I traded my 4 Silent Armours for the 5 Prado wheels. The Silent Armours did 44,000k of outback trips with one sidewall stake and no chipping and had 8mm tread left. Hope you get a good run too. Poor old Davoe hasn't forgiven me for suggesting MTRs a few years back.
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Follow Up By: Richard Kovac - Sunday, Apr 05, 2009 at 23:29

Sunday, Apr 05, 2009 at 23:29
So Phil, what are you running now?

Richard
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Follow Up By: Member - Phil G (SA) - Sunday, Apr 05, 2009 at 23:38

Sunday, Apr 05, 2009 at 23:38
I felt like a change and found a set of 16x8 mags, so have a set of 285/75R16 Bridgestone LT D694's.

I'll probably get a set of 235/85's on my old rims sometime in the future for desert trips.
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Follow Up By: Member - JohnR (Vic) - Monday, Apr 06, 2009 at 08:09

Monday, Apr 06, 2009 at 08:09
Phil, it was good to go off splits here but they bought a Hilux here with splits last year, a 3 L naturally aspirated roughie and it has splits. It has more than it's share of flats, but will get some wide rims on for winter I am sure which will be better.
Cheers,
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Follow Up By: Member - Steve M (SA) - Monday, Apr 06, 2009 at 14:05

Monday, Apr 06, 2009 at 14:05
Hi Phil

I'm still running MTR's as per your recommendation with no problems (to date), albeit my trips are not cross country as some of yours are.

I think that you must have forgotten that you were in Adelaide with the flat - what's wrong with the RAA to repair a tyre? :-)

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Reply By: get outmore - Sunday, Apr 05, 2009 at 23:05

Sunday, Apr 05, 2009 at 23:05
well i could say i hate yubeless because i just said bye bye to my 5th or 6 th (Ive lost count) goodyear MTR on friday and now they are $360 a pop

seriosly looking at reshoding my splits ( not with tubes r us ) with rags again

the tubeless venture for me has proven VERY expensive close to 2 grand so far in replacement tyres.

as far as breaking the beads POP with tyrepliers 235s or not
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Follow Up By: Member - Phil G (SA) - Sunday, Apr 05, 2009 at 23:11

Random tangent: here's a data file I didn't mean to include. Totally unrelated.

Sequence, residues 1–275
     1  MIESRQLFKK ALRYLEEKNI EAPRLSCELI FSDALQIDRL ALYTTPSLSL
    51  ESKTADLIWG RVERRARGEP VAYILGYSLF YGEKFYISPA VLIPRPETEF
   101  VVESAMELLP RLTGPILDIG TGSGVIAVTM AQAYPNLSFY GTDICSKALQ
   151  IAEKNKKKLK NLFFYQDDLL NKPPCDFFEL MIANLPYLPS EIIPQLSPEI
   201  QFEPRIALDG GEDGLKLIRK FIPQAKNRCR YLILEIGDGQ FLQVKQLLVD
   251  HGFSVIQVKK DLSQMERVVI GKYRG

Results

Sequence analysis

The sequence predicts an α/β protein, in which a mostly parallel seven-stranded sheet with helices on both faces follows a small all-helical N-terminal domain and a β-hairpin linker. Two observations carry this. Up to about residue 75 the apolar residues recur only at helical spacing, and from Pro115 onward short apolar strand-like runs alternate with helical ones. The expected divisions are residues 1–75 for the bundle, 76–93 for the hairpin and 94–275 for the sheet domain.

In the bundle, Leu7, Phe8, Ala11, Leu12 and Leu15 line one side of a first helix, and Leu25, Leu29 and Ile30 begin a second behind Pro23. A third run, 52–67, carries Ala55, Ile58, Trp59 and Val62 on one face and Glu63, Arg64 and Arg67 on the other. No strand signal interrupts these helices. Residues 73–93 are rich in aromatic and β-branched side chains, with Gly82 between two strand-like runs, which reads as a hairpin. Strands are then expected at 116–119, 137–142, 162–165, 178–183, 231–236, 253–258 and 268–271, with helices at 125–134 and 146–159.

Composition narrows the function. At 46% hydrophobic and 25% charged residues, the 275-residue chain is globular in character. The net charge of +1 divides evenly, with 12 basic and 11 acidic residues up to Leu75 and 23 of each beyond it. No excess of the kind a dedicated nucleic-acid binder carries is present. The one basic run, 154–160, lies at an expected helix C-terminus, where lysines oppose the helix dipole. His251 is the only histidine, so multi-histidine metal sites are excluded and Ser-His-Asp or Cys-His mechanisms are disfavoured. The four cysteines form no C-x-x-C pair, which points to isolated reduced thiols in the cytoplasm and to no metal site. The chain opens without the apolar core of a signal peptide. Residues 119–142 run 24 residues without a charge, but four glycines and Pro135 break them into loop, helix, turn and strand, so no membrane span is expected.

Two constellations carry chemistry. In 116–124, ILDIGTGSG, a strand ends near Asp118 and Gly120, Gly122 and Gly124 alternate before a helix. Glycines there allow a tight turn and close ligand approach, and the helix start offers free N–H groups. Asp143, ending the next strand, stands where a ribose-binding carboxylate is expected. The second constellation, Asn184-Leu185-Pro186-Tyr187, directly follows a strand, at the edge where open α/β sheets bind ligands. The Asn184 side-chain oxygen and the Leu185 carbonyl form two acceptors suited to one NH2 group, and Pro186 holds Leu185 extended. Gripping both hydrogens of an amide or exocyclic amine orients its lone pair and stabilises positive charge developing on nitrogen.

Sunday, Apr 05, 2009 at 23:11
Hehehe
Davoe, a tyre thread is not complete without you, me and Willem!
Do you hate your MTRs as much as you hated your Toyos?
Cheers mate!
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Follow Up By: Member - Mick O (VIC) - Sunday, Apr 05, 2009 at 23:18

Sunday, Apr 05, 2009 at 23:18
Dave,

Unfortunately with the routes I travel, I expect to write off a set of tyres on just about every trip. That's the price you pay. Besides at $16-20 a pop for something colourful with a umbrella sticking out the top, 2 grand wouldn't even cover the grog bill on a two week cruise or similar lol!

Now tyre Guru's, how do those Toyo's go? I've just heard about the mightely expensive mud terrain Toyos which apparently have a rather thick sidewall. Are they any good? I looked at them (brouchure only) but at nearly $500 a pop, I passed....this year!

Mick.
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trip would doubtless be attended with much hardship.''
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Follow Up By: get outmore - Sunday, Apr 05, 2009 at 23:46

Sunday, Apr 05, 2009 at 23:46
no idea on the TOYO MT I had the opats

I dont even remeber biffing my last MTR - i havnt even been seriosly offroad. i noticed it had a decent gouge but thought it was a superficial rubber wound . suddenly it lost air and closer inspection revealed a substantial cut

problem with MTR is they have a very strong tread - i am yet to get a tread puncture - all the damage is to the soft sidewalls - unrepairable